NYFF Capsule Reviews #3

Stray Dogs (Tsai Ming-liang)

Stray Dogs  was my first by Tsai Ming-liang and I don’t know what to say. I was totally caught off-guard. It is something so different and outside of my comfort zone, I will honestly admit that perhaps I cannot say whether I like it or not, or even if I am able to criticize or judge it. To a great extent, Stray Dogs is not even a film in the conventional sense but an art installation, a multimedia project, which is whimsical with its oddly constructed frames, all barely held together by a hardly-there ‘narrative’ or puny dialogue. It is hard to describe other than as a tragedy concerning those who live on the margins. But it has some scenes that involve primarily methodical planning (which is true for the whole movie actually) – like the weeping, crumbling, putrefied metaphor-of-a-house, or the rescue in the rainy night of the titular ‘stray dogs.’ Or the ending shot, remarkable in its daring, full of longing and regret, and the inevitable hopelessness – a shot that goes on for 30 minutes, with two leading characters just staring at a mural, and one has to carefully keep an eye on their expressions to read or interpret the meaning. Because the movie ventures into areas and techniques that require more than just interpretation and force you to think on your own, to create your own characters, all the way through.

Gloria (Sebastián Lelio)gloria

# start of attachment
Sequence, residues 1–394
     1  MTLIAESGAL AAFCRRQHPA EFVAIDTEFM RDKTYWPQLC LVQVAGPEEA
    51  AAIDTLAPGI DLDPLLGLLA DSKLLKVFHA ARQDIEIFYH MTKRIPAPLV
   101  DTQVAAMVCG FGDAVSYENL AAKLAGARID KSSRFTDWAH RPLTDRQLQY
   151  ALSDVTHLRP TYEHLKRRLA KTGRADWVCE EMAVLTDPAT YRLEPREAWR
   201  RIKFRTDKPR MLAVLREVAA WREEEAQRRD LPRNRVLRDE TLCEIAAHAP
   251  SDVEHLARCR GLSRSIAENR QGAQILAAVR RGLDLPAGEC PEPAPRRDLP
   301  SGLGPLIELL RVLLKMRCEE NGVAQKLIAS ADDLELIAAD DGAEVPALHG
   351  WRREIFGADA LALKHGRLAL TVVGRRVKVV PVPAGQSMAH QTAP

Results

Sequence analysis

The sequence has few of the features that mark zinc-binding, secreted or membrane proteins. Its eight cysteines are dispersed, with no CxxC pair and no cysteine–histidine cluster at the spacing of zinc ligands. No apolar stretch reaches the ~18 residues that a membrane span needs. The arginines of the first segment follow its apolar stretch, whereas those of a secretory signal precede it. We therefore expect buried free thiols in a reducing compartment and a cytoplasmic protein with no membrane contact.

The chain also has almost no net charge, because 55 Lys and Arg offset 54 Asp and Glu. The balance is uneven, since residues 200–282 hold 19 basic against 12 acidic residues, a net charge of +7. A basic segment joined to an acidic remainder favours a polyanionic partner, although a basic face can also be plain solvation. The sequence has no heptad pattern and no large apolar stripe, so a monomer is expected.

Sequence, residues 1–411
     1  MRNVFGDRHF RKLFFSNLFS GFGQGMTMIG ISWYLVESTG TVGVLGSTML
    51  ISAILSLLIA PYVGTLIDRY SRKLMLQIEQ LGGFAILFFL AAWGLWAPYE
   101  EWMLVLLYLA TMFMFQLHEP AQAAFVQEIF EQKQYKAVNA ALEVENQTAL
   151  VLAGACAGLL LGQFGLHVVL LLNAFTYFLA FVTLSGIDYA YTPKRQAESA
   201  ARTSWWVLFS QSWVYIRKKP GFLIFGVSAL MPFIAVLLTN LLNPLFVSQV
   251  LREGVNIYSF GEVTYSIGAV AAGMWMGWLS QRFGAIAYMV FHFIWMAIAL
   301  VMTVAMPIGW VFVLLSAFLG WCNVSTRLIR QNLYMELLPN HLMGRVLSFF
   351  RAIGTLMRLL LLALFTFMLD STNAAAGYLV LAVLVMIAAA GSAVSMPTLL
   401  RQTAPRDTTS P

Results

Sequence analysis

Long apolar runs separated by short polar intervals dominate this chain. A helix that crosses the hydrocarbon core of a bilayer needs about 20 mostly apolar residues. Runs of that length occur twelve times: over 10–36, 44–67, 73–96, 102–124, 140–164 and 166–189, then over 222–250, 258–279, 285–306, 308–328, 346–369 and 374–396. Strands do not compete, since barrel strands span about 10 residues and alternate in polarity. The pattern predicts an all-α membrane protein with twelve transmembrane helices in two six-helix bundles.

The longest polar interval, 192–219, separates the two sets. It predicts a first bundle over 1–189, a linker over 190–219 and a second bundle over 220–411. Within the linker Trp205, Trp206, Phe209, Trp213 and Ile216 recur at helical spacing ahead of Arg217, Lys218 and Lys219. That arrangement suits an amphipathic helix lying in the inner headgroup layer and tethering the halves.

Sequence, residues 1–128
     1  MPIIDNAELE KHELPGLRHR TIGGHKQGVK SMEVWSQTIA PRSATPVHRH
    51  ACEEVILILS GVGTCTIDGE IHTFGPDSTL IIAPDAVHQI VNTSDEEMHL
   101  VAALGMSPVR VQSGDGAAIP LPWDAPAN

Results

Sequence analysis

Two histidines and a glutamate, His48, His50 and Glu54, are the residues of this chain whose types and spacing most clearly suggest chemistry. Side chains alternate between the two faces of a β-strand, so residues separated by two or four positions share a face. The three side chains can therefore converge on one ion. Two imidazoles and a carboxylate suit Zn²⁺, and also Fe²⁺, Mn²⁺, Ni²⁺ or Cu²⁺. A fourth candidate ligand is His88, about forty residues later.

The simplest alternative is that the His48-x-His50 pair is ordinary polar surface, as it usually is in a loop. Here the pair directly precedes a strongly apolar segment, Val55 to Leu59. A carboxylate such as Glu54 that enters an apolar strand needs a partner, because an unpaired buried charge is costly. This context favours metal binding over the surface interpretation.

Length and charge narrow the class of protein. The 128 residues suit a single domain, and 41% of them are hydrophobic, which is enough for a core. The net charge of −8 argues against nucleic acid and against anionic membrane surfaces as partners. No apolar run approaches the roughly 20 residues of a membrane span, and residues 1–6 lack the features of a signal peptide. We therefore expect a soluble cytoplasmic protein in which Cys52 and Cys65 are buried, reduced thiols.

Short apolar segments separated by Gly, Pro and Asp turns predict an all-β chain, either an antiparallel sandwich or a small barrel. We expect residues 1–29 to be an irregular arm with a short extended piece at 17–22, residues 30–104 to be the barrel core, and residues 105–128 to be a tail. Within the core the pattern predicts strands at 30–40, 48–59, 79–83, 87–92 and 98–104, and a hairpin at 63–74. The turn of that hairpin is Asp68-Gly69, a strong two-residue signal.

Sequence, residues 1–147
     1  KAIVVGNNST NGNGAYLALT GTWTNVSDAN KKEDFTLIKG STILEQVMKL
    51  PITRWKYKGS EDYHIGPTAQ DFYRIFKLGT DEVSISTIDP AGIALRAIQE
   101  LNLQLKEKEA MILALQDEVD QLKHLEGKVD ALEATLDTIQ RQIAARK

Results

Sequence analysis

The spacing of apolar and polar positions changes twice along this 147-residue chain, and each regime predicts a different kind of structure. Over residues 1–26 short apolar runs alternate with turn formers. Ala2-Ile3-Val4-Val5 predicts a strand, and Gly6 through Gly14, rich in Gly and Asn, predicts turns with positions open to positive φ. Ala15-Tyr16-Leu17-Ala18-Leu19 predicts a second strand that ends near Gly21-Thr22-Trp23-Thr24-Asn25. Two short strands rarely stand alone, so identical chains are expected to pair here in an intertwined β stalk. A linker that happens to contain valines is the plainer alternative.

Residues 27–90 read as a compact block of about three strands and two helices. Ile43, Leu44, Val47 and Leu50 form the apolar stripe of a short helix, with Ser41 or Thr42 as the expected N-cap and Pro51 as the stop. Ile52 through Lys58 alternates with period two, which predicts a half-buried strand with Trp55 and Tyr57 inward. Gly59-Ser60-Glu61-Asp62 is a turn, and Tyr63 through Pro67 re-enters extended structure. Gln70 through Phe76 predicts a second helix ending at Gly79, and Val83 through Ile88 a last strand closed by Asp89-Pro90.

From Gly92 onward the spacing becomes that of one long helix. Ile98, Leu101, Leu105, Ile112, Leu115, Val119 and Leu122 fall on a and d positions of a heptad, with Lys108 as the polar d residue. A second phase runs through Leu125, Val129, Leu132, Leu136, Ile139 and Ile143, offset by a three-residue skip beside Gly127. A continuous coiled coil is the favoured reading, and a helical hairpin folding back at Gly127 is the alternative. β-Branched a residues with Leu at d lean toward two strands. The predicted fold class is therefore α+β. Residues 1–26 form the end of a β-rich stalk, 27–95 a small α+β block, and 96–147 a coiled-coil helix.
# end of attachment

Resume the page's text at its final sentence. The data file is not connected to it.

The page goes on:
Well, Gloria  was glorious. At least lead actress Paulina Garcia who, with her nuanced and restrained glory (I can’t help it!), gives one of the best performances of the year so far. The movie itself is wonderful too in its unpretentious treatment, sincerity, humor and frankness. A complex, touching portrait of contemporary middle age in the form of a modern, independent woman of today. Another solid Chilean movie I’ve seen this year after Pablo Larraín’s No. The lead character is smart, self-aware, sexy, realistic, alive. Living, breathing, so real. Ordinary but no less than anyone else and, most importantly, human. A great creation, and hats off to director Sebastián Lelio who apparently created the film for the actress rather than the other way around. Additionally, and understandably given the history of the region, he did not get totally obsessed with her and still included and tried to find parallels between this woman (who is a mother, a grandmother, a worker, a lover) and his mother country Chile and her issues, which are constantly referred to throughout the movie as the ever-present backdrop. The film also boasts an awesome soundtrack which is used perfectly in the story and clearly shows the love and sincerity with which it was selected.